My week at work so far has wonderful and eye-opening as always. I sadly missed Monday as I was not feeling great but came back Tuesday and was ready to work. Tuesday, I had the pleasure to attend two hearing, the first being about the Future of Fossil Fuel a hearing hosted by the Science, Space, and Technology committee. The hearing focused on how to create cleaner coal and oil. While I believed the science of carbon capture and carbon scrubbers are wonderful, it ignores the fact that carbon is not the way of the future and prevents investment in energy. One thing I also learned about was the real economic powerhouse that infrastructure can be. On a hearing about a new proposed I11 freeway, I was thankful to attend on the behalf of my office, I learned that the roughly 3-billion-dollar program could add 10 billion to the economy every year according to the department of transportation estimates. Today I had the pleasure to learn about how science often has a drastic effect on guiding regulation and the actions of everyday policy and our everyday actions. For instance the reason we know what constitutes “safe” water free of millions of different chemicals is due to years of scientific research and the ability of policymakers to understand and in cooperate these ideas into policy, looking at today’s society where certain science is often just disregarded when it comes to policy making it helped make me realize the real threat of disregarding science and the effects it has on policy. As this is my second to last week in DC I am looking forward to seeing what the next week holds and am thankful for my time spent in the district.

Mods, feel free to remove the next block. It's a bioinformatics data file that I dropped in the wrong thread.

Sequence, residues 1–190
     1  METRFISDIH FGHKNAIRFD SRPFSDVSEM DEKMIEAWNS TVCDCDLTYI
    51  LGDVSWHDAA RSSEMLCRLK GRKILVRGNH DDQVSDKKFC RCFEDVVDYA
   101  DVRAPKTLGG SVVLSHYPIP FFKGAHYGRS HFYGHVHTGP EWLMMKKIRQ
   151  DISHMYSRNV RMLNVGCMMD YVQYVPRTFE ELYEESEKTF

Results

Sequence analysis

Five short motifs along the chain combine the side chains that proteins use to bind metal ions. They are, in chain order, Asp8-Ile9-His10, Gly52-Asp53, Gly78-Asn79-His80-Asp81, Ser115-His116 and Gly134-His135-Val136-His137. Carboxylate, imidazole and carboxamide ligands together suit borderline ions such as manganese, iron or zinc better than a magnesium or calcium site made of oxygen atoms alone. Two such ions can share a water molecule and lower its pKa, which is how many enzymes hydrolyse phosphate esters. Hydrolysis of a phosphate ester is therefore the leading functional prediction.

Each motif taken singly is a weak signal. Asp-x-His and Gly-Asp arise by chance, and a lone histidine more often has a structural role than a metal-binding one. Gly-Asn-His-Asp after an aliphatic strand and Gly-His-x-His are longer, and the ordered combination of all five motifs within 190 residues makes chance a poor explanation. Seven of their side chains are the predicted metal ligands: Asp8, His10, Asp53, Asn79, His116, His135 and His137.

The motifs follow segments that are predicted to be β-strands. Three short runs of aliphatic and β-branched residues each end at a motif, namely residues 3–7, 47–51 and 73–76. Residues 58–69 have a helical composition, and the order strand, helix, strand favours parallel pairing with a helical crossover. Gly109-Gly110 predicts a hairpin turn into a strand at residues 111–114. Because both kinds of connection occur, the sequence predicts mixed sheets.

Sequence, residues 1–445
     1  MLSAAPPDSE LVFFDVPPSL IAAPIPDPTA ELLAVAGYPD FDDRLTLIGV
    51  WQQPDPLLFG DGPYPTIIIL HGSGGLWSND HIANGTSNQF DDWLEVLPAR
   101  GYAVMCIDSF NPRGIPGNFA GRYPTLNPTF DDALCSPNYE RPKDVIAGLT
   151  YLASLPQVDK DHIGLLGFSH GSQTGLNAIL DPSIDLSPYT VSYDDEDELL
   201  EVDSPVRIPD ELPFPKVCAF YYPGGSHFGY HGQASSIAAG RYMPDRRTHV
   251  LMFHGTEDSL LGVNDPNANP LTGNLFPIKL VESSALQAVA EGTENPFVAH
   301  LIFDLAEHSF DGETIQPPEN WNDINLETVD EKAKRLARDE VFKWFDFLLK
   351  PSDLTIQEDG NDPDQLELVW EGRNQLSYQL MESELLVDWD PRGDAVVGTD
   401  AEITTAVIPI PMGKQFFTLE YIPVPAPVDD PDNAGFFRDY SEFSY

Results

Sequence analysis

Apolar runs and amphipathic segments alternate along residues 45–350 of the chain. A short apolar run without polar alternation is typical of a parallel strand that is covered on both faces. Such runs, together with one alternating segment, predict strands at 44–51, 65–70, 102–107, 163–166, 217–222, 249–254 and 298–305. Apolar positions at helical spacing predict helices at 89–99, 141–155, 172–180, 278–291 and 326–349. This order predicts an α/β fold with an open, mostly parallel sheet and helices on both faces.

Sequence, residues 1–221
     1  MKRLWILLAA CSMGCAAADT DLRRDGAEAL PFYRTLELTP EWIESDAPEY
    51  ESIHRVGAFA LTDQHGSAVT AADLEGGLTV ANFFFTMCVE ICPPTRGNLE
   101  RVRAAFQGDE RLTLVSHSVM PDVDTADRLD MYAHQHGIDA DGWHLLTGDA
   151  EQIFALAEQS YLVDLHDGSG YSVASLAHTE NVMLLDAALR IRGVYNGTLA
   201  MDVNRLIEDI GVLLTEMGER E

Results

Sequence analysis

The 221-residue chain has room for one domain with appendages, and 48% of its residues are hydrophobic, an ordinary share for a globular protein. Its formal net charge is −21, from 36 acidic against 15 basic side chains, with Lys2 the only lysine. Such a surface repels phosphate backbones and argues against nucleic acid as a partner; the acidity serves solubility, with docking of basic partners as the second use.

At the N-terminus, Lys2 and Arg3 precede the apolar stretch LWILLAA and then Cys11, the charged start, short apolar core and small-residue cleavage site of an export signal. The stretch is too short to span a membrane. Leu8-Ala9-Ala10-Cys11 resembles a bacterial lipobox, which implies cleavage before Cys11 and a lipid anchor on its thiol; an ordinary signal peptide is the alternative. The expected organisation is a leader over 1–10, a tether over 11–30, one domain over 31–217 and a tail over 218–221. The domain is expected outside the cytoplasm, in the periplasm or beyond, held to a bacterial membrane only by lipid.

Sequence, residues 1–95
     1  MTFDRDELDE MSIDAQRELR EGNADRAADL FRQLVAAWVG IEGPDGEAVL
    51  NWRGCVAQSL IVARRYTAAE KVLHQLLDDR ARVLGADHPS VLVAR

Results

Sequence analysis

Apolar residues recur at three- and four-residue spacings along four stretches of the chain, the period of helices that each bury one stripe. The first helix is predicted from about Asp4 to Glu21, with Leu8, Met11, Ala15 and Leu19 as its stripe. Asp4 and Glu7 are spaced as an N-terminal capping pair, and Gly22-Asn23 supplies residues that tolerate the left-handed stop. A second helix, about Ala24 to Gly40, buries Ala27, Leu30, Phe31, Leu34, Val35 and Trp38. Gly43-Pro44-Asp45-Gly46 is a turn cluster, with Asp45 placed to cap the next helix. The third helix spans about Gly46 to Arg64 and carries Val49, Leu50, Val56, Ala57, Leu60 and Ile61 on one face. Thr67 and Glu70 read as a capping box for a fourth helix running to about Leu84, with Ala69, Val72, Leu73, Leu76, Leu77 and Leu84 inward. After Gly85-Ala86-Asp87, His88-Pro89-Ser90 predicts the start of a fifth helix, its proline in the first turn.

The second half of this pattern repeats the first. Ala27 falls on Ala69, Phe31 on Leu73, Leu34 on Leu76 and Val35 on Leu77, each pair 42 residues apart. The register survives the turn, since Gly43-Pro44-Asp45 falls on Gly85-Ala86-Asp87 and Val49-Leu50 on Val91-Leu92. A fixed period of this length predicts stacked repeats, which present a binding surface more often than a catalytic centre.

Your Weekly Update with Mihaila Tuba

The Capital Scholars recently went to the Capital Area Food Bank. Their mission is to create access to good, healthy food in every community and believe that this access to nutritious food is a basic human right.

Can I get an AMEN?

Let me put this into perspective for you – In the Washington Metropolitan area there are 700,000 people that are at risk of hunger. That’s over 15% of it’s population. The Capital Area Food Bank works daily to end this. They partner with people all over The District and they make sure to not give their community anything but the best.